Ed was inspired to write this piece after reading Marcus’ article. We’d love to publish more Merdeka and Malaysia Day pieces in the coming weeks — go to loyarburok.com/relationship to find out how to submit your articles to us!
When I was a child, I used to watch the Merdeka Day parades on TV with my family. Itwas an annual ritual which I looked forward to. But I haven’t done so in many years. It is partly because the parades, orchestrated by the minions at the Ministry of Information,Communications and Culture, are terribly boring. And partly because as I grew up, I stopped believing in the sugar coated propaganda spewed by the government.
Proclamations of a “Bersih, Cekap dan Amanah” nation, of a “1Malaysia” ring hollow, when “corrupt”, “self interested”, “inequitable”, and “plain stupid” are in my humble opinion, words better to describe the government of the day. The recent “Janji Ditepati” controversy is an example of how the government of the day has confused their responsibility to govern the nation in the best interest of every Malaysian, with their allegiance to a certain political party.
It is not surprising that many Malaysians I know prefer to spend their Merdeka Day overseas on holiday, or at one of the many shopping centres in town.
I admire the way the Americans celebrate their Independence Day, 4th July — with small localized picnics, gatherings and parades to celebrate the “land of the free, and the homeof the brave”. Several years back, I decided that it was time for us ordinary Malaysiansto “reclaim” Merdeka Day. It should be an occasion to remind ourselves of what makes this a wonderful country, to connect with our fellow Malaysians, to forge a common destiny.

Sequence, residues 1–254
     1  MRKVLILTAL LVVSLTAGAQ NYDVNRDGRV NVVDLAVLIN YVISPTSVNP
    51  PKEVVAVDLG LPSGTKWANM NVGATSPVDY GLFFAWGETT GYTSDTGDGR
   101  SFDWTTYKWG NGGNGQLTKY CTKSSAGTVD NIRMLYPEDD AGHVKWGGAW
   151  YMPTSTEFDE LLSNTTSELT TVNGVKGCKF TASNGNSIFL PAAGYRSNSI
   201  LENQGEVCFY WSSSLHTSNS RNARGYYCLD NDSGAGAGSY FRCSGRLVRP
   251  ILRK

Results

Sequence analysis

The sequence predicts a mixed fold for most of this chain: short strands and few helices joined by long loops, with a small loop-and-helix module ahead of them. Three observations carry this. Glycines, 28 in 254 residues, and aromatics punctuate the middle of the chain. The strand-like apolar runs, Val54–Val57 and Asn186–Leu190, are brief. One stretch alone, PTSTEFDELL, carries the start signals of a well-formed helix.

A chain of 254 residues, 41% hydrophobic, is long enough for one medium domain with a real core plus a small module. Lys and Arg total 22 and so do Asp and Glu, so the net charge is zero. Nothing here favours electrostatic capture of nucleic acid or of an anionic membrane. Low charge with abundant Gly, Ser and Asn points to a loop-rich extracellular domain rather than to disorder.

I am an optimist, and I believe each of us has a part to play in nation building. Yes, this is far from a perfect country (which country is?), but we must make the most of oursituation. We have to start seeing the cup as being half full rather than being half empty.
Let us be thankful for the diversity of our culture, race, religion – which gives us this delicious rojak of different foods, arts, architecture, clothing, etc. Let us be thankful that we live in a fortunate country – unscarred by war, and unburdened by natural disasters.
Let us celebrate all that is good about this country. Let us work together to make this country better and fairer for all.
Let us treat each other with greater respect, sincerity, and compassion.
It is said that: “Men did not love Rome because she was great. She was great because they had loved her.” Let us love our country.
It is with these thoughts in mind that I initiated the Negaraku cards project with FiveArts Centre and TEC Asia to celebrate 50 years of Merdeka in 2007.
I also held Merdeka Day parties at my condominium for a few years.
Then in 2010 and 2011, together with some NGOs, we organized Malaysia Day street celebrations, themed “Malaysiaku” at Bangkung Row (as celebrating Malaysia Day instead of Merdeka Day would be more inclusive for our brothers and sisters across the South China Sea).
This year, we will be holding a Malaysia Day fund raiser for BERSIH at Leonardo’s.
It is my fervent hope that all Malaysians will start their own Malaysia Day celebrations — whether it is a street party in your neighbourhood or a pot luck dinner at home with family and fellow Malaysians, or lighting a candle and saying a prayer for peace and prosperity in our country.
Malaysia Day is OUR day – don’t let the government or anyone else persuade you otherwise.
Selamat Hari Merdeka dan Hari Malaysia.